Higher-education institutions are more of a target for ransomware attacks as cyberthreat actors look for vulnerable networks. Because of the open nature of networks at colleges, universities and institutions, who rely on their ability to share information, they will continue to be targeted for attacks, warn cybersecurity experts.
However, the good news is that even though there are hundreds of ransomware families, which contain multiple variants, the threats still share similar attack methods. This means that preventing ransomware threats may not be such an overwhelming burden for IT teams, according to a new Palo Alto Networks report.
The report, “Six Steps to Stopping Ransomware in Schools and Governments,” produced by Palo Alto Networks, shares common methods to thwart attacks as well recommendations to lay a security foundation that limits or prevents the harm ransomware can cause.
“Ransomware starts by exploiting a vulnerability, delivering a payload and installing on one or more computers or servers,” says the report. And when the payload is able to establish a command-and-control (C2) channel with one or more external servers, attackers can send commands to the infected system or systems.
As attackers attempt to move through the network to deliver payloads to other systems, their end goal is to encrypt as many important files as they can to extract the largest possible ransom, explains the report.
The end result for institutions is that once the files are encrypted, it’s almost impossible to reverse the damage without the decryption key.
By understanding the way ransomware attacks work, IT security experts say that disrupting the lifecycle of a ransomware is a CISO’s best bet to limit the impact of the attack to the the network.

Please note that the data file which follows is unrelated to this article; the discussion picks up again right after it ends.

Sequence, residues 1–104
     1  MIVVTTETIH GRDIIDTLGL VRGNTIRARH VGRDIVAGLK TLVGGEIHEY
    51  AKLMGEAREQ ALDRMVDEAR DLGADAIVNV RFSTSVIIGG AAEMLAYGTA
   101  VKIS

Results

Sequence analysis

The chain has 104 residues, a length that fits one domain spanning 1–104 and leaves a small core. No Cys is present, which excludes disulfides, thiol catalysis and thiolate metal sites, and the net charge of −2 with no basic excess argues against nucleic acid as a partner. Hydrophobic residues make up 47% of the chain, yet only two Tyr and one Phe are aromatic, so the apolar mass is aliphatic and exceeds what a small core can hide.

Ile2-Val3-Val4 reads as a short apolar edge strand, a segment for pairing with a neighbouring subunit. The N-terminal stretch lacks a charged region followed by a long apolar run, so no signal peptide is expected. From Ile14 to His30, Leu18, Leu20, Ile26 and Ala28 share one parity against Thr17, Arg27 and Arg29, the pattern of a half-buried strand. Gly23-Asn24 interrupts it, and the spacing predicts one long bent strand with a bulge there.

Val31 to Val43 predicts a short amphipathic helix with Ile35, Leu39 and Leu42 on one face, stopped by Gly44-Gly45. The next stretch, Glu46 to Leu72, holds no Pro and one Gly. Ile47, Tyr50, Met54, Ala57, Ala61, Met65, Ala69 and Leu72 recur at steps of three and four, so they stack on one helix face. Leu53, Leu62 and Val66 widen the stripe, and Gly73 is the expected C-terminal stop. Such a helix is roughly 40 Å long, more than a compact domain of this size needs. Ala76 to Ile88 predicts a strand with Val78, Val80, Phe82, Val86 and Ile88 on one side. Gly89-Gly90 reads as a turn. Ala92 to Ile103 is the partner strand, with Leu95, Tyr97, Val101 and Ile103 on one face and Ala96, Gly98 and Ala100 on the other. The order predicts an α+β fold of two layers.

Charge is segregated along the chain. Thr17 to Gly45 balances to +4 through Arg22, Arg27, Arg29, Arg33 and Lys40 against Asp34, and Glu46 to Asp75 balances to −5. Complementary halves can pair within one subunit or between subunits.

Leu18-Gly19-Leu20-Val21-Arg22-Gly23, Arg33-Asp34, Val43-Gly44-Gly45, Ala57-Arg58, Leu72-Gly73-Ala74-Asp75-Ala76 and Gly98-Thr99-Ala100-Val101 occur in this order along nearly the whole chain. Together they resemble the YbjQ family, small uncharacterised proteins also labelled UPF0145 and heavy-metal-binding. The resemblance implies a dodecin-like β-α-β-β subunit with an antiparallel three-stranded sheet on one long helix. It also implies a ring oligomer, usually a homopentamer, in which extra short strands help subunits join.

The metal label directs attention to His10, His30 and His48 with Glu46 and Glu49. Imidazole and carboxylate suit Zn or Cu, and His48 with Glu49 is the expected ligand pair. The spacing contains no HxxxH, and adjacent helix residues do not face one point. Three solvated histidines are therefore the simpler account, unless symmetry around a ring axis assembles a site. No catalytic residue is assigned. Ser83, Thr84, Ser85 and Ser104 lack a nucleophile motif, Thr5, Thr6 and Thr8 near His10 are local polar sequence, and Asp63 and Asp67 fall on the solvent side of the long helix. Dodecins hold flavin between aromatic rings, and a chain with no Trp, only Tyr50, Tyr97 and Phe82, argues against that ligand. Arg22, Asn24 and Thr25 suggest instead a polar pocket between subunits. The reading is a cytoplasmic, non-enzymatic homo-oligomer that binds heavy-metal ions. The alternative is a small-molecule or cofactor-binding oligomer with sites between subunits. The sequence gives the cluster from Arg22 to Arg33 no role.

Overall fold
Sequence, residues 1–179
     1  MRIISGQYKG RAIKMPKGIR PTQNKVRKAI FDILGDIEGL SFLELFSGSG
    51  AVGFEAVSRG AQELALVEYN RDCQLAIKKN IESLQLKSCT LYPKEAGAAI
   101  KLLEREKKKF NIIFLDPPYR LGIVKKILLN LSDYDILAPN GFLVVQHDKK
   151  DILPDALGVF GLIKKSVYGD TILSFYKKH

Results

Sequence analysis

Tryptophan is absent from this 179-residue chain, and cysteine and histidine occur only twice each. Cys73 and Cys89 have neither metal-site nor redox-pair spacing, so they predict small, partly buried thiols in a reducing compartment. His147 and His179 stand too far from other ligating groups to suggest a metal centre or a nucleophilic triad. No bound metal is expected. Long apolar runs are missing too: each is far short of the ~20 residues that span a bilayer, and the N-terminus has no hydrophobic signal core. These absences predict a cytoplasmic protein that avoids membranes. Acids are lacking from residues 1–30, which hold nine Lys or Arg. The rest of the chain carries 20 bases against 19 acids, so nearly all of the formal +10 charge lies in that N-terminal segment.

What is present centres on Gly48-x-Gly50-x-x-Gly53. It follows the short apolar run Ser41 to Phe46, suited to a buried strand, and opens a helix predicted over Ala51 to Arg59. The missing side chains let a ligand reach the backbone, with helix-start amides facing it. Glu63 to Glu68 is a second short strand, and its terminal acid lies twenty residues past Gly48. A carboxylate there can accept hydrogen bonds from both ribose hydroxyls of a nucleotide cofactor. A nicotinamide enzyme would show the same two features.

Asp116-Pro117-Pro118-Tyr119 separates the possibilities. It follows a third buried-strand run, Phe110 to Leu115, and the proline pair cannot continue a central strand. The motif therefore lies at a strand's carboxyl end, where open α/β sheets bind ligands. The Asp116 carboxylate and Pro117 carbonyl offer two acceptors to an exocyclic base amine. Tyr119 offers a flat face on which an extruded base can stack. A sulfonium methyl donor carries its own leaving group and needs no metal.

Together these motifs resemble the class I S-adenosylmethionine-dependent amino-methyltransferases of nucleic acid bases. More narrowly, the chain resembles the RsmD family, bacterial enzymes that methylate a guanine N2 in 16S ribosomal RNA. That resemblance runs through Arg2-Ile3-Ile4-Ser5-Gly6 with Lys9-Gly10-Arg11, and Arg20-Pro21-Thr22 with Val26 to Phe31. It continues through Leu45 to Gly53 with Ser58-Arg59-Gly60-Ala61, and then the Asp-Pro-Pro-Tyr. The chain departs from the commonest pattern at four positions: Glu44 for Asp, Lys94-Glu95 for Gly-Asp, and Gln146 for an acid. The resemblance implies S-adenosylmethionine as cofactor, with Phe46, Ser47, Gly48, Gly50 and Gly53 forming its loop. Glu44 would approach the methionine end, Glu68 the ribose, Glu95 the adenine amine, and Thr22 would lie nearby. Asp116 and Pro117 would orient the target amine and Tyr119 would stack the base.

The report highlights six ways IT teams can disrupt the lifecycle of ransomware, which include:
- Maintaining traffic awareness
- Disable the delivery through training on phishing campaigns and tools that identify and block malicious files and links
- Prevent ransomware installation with modern endpoint security tools
- Disable the command-and-control channel by updating DNS
- Prevent lateral movement by implementing a zero-trust security strategy
- Employ automation tools to help the organization quickly detect and repel future attacks
The report shares how Palo Alto Networks’ integrated innovations work together to automatically prevent ransomware’s spread across the network with a suite of solutions that address these six key security capabilities.
The next-generation firewall lays across both the physical and cloud infrastructure and offers a deep visibility into application, user and traffic data. Detection capabilities are strengthened using advanced analytics, machine learning, shared intelligence and automated protections built into the system.
This enables institutions to block ransomware on computers and servers by combining local AI- and behavior-based analysis with data from other endpoints as well as cloud and network environments
Learn more about modern security tools to limit the impact of ransomware.
This article was produced by EdScoop for, and sponsored by, Palo Alto Networks and Carahsoft.